How to tell a story feature

Robert Caro: 20th Century Journalism and How to Tell a Story

All my serious reading is organised by my son, who is way more intellectual than me. I am currently enjoying Working by Robert A. Caro and have found lessons and examples that can inform our very different work in a very different century.

How to tell a story

Caro was a journalist in the late fifties and sixties working mostly in regional media but with a six year spell as an investigative journalist on Newsday (Long Island and New York). However, he is best known for his exhaustive biographies of two men: Robert Moses, an American urban planner who shaped New York and Lyndon B Johnson. These have won him many awards and considerable fame in political circles. (My son is reading the LBJ biographies, but he rightly judged these are likely too weighty for me.) The awards include winning the Pulitzer Price for Biography twice. Caro is now 87 and is still working on the fifth and final volume of the LBJ biography. The existing four volumes took him 40 years.

There is much to say about Caro’s short book about his work, and the insight it gives into investigative journalism before the internet.  Working describes the hours, days, the years, of going through the papers generated by these two men and the people they worked or butted heads with. Endless writing and rewriting: starting a manuscript longhand, and then typing it on a typewriter. This is not the sort of journalism I was ever involved with, and may no longer exist. And while Caro learnt his craft in a newsroom, he is really a writer and a biographer rather than being a journalist in the modern sense of the word.

Working tells the story of one man’s obsession with getting to the bottom of things and understanding how political power really works in a democracy. It is also about the thought process behind incisive, factual but beautiful writing.

For further insight, here is Rachel Cooke’s write up about her fairly recent interview with Caro for The Guardian.

I am going to pull out just one example from this little book that made me want to sing and laugh out loud.

Daily I harangue corporate spokespeople to use stories and examples. To illustrate their ideas with human experience, not just conceptual language. Built into my Message House formula, as all my students will know, is space for the story or anecdote or example. I want to force speakers to find the story that will make it all real. I all too often fail. I worry that I do not really communicate the power of this element of messaging. And then in this little book from a writer dealing with a former age, I find the perfect example.  Storytelling that burns an idea into your subconscious.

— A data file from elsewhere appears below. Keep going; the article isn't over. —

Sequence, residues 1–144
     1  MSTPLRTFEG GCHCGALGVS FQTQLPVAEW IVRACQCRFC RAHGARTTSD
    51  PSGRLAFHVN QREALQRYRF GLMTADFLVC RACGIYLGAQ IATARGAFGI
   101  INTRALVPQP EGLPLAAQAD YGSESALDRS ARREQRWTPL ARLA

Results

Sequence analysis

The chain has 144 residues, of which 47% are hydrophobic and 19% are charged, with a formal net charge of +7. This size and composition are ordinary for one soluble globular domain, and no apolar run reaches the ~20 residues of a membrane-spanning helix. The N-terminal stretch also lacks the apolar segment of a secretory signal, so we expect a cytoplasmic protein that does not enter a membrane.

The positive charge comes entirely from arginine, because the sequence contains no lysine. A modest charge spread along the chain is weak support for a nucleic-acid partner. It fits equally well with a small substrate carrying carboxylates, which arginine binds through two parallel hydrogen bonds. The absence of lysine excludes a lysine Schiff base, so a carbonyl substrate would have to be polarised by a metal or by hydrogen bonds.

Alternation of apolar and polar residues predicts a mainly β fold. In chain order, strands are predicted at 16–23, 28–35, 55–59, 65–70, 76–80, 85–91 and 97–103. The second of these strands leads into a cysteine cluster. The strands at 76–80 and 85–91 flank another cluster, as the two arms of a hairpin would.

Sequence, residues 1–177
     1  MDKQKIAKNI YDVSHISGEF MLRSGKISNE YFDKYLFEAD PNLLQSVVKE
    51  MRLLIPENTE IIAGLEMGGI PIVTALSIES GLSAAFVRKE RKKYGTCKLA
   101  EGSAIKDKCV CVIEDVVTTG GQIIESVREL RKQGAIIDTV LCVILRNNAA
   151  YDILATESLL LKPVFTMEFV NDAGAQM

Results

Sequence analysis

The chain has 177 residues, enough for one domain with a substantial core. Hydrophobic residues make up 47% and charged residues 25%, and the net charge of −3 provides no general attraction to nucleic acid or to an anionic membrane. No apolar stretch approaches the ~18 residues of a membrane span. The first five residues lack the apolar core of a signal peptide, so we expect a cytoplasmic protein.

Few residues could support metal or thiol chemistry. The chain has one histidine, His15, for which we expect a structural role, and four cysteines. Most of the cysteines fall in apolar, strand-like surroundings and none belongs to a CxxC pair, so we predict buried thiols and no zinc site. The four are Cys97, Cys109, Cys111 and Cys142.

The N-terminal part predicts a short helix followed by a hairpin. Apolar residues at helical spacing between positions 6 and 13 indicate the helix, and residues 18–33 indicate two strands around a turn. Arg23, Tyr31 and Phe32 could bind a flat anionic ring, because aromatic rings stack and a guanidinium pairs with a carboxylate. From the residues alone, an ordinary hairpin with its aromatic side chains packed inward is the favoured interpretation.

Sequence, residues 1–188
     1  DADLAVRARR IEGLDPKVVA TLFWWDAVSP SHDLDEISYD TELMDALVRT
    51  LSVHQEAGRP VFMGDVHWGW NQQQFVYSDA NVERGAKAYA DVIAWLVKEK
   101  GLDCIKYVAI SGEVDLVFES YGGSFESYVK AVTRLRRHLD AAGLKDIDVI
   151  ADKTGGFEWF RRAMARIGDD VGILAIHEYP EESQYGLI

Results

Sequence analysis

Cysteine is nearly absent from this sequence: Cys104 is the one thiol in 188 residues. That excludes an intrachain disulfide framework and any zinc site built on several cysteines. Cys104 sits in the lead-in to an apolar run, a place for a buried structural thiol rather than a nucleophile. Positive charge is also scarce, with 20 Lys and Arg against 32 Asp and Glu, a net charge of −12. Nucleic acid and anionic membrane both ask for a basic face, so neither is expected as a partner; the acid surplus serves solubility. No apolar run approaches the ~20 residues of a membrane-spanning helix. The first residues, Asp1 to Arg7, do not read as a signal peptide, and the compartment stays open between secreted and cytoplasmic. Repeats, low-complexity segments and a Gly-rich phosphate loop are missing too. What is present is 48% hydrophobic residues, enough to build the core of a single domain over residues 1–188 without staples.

Caro heard from a former colleague of LBJ that when first in Washington, the future president walked to work from his rather shabby digs to the House Office Building on the other side of Capitol Hill. But he always arrived breathless and could often be seen running the last stretch.  A young, driven, hugely determined man who was newly in Washington after growing up in rural poverty in the Hill Country of Texas, he still got up with the sun.  Apparently every morning, he would start running at a certain point on the journey to work, and sprint towards the office. Researching these early years, Caro many times retraced the steps of that walk. He wanted to know why the young Johnson broke into a run. Finally, he decided to do that walk at 5.30am as Johnson would have done. And suddenly, he understood.

“Veering along a path to the left he (LBJ) would come up Capitol Hill and around the corner of the Capitol, and the marble of the eastern façade, already caught by the early morning sun would be a gleaming brilliant almost dazzling white. A new line of columns – towering columns, marble for magnificent and Corinthian for grace, stretch ahead of him…. And columns loomed not just before him but above him – columns atop columns ….and the huge dome that rose above the capital was circled by columns.”

How to tell a story

And he would run.

“Well of course he was running”, writes Caro in Working: “from the land of dog-run cabins to this. Everything he had ever wanted, everything he had ever hoped for was there. And that gigantic stage lit up by the brilliant sun, that façade of the Capitol – that place – showed him that. Showed him that, and if I could write it right, (I) would show the reader as well.”

It took Caro weeks if not months to get that story, to find the right imagery. But once he got it, he wrote it and brought to life the raw determination of LBJ to move away from poverty and towards power and majesty. How the morning light on the marble columns made him sprint towards his future.

Since I have read those words, I have pictured that run again and again. I even dreamt about it. I have never seen the Capitol building except on TV. But the power of that story, the image of the sun on the marble, the desperation to escape poverty, is likely to be the most insightful thing I will ever know about LBJ.

Understanding the power of a story, one that you can picture, is essential to influence. I have been at his game over 20 years now and I hope that there are today people out there who say, “I had a great media/presentation trainer, she taught me to tell stories”.

Other blogs I have written on the power of stories.

The Most Powerful Element of any Message

The Stories Leaders Tell

The Power of The Specific


Capitol Building Images: Credit  Louis Velazquez


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